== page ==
Rob Black added: “This also shows another lesson for cyber war. Cyberattacks cause collateral that is not likely to be bounded by the physical and geographical dimensions of a traditional conflict. NotPetya had a global impact; Maersk shipping had its global IT system completely destroyed. The Viasat attack at the start of the Russian military invasion of Ukraine in 2022 also disrupted other organisations with no direct link to the conflict area, such as a wind turbine operator in Germany.”

How Telegram became the battlefront of the Russia-Ukraine cyberwar

When Russia invaded Ukraine on February 24th, 2022, many warned that the conflict could escalate into a global cyberwar. These fears intensified as ransomware gangs and hacking groups sympathetic to the Russian government appeared ready to strike. A self-styled IT Army allied with Ukraine declared a counter-offensive. Governments — and companies — around the world are prepared for widespread digital incursions. Yet, for all their bluster, these groups failed to impact the ground campaign significantly.

Instead, the war’s digital presence manifested in other ways. A year after the war began, Cybersixgill investigated how the war echoed on the deep and dark web, the context of hybrid conflict, and how cybercriminals kept business humming.

Telegram has been the central deep web venue for the war. Many conversations about the war occurred on large, existing cybercrime channels, and the invasion spawned many new channels.

Chatter on Telegram tended to follow events in the war. War-related posts in Russian or Ukrainian peaked at over 122,000 per week in mid-October, coinciding with the strike against the Crimean bridge and subsequent Russian missile attacks.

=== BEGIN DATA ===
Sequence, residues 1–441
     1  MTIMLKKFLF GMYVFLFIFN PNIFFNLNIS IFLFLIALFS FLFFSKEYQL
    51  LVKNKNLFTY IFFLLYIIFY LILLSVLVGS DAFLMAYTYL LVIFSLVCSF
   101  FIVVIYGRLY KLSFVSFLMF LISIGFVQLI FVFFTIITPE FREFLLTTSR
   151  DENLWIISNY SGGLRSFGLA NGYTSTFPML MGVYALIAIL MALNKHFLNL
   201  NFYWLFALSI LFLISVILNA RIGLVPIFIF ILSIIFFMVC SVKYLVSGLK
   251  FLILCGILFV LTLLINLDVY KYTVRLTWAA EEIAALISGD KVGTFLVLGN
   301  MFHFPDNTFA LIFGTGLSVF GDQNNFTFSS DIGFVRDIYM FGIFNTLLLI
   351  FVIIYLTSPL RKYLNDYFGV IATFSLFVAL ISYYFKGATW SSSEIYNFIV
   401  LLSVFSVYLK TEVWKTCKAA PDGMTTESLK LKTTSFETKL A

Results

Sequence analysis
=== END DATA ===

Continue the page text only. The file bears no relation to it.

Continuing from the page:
Is the U.S. Military Capable of Learning From the War in Ukraine?

Raphael S. Cohen and Gian Gentile

At its core, a country’s defense strategy is a very expensive gamble. Every year, the United States spends hundreds of billions of dollars on defense—all on the assumption that such investments will allow it to win the next war. Absent a conflict in which the United States is directly involved, policymakers rarely get a window into whether these bets have actually paid off. One window is when other countries fight a war using U.S. military equipment and tactics—such as the one in Ukraine today. Another example is the 1973 Arab-Israeli War, also known as the Yom Kippur War, when Israel’s near-defeat prompted a thorough reexamination of U.S. weapons and tactics in Washington. Today, Russia’s war once again poses the question whether the United States needs to reexamine the way it prepares for future conflict: not only which weapons it buys, but also how it envisions great-power wars in the 21st century—whether they will be short, sharp affairs or grinding, protracted struggles.

When, in 1973, the United States last had a window into the future of conflict without fighting in one, Israel was caught flat-footed by the surprise attack of an Egyptian-Syrian-led coalition. Although Israel prevailed in the end, the war was a debacle for the Jewish state. Despite having a seasoned military leadership with decades of collective combat experience—and being equipped with U.S. weaponry—Israel lost more than 800 armored vehicles and 100 attack aircraft. Just six years after Israel stunned the world by quickly crushing a combined Arab army during the Six-Day War, the Yom Kippur War stood in stark contrast: It dragged on for weeks, required emergency U.S. assistance to backfill equipment losses, and brought Israel uncomfortably close to defeat.